Prevention programs for reducing adolescent problem behaviors: Implications of the co-occurrence of problem behaviors in adolescence.

Journal Article (Review;Journal Article)

Purpose

To examine the correlations between multiple risk behaviors in adolescent populations to document the extent to which problem behaviors are intercorrelated and to identify factors associated with variations in these correlations.

Methods

Studies from 1977 through the end of 1999 that included two or more problem behaviors in adolescents were identified by literature searches using the PsychLit database, Social Sciences Citation Index, manual journal searches and "ancestry" approaches. The behaviors studied were alcohol use, marijuana use, illicit drug use, cigarette smoking, general deviant behavior, and sexual activity. Included studies reported correlation coefficients between variables.

Results

Across all studies, the mean correlation between any two pairs of problem behaviors was 0.35, with a standard deviation of 0.28. This suggests that, on average, about two-thirds of the variation in problem behavior is the result of unique rather than common causes. The magnitude of the correlations varied as a function of the age of the adolescent, with lower correlations being evident for older adolescents. In addition, the magnitude of the correlation varied as a function of when the study was conducted, with studies of past generations showing stronger connections between risk behaviors than current generations.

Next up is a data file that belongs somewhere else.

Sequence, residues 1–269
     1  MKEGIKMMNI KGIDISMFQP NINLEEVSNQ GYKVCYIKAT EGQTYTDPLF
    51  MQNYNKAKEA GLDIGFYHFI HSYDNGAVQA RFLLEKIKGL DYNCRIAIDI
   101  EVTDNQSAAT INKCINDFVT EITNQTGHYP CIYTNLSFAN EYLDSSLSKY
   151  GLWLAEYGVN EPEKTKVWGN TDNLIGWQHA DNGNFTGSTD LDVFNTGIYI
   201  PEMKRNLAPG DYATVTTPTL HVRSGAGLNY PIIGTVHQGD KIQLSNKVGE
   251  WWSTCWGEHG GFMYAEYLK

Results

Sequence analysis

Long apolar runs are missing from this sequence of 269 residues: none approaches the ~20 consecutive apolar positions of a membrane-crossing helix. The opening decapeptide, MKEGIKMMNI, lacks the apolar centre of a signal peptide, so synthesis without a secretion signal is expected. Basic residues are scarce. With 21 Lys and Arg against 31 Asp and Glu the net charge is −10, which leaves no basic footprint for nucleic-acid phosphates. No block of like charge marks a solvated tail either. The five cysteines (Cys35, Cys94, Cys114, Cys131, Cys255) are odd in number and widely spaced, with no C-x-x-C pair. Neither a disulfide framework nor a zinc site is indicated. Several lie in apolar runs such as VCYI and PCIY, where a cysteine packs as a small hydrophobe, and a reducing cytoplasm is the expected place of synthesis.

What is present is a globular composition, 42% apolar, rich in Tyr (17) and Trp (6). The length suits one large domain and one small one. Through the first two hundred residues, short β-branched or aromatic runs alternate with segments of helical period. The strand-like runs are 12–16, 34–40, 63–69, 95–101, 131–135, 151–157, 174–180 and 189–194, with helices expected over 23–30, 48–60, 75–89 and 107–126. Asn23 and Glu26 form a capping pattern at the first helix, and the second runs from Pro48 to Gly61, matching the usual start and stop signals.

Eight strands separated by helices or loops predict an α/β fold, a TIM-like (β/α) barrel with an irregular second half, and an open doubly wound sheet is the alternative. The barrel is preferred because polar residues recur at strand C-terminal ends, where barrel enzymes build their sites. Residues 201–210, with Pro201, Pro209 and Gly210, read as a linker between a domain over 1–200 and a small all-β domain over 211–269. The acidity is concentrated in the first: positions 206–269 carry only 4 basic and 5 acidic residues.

Conclusions

The data suggest that there is considerably more unique variation in classic adolescent problem behaviors than common variation.

Full Text

Duke Authors

Cited Authors

  • Guilamo-Ramos, V; Litardo, HA; Jaccard, J

Published Date

  • January 2005

Published In

Volume / Issue

  • 36 / 1

Start / End Page

  • 82 - 86

PubMed ID

  • 15661605

Electronic International Standard Serial Number (EISSN)

  • 1879-1972

International Standard Serial Number (ISSN)

  • 1054-139X

Digital Object Identifier (DOI)

  • 10.1016/j.jadohealth.2003.12.013

Language

  • eng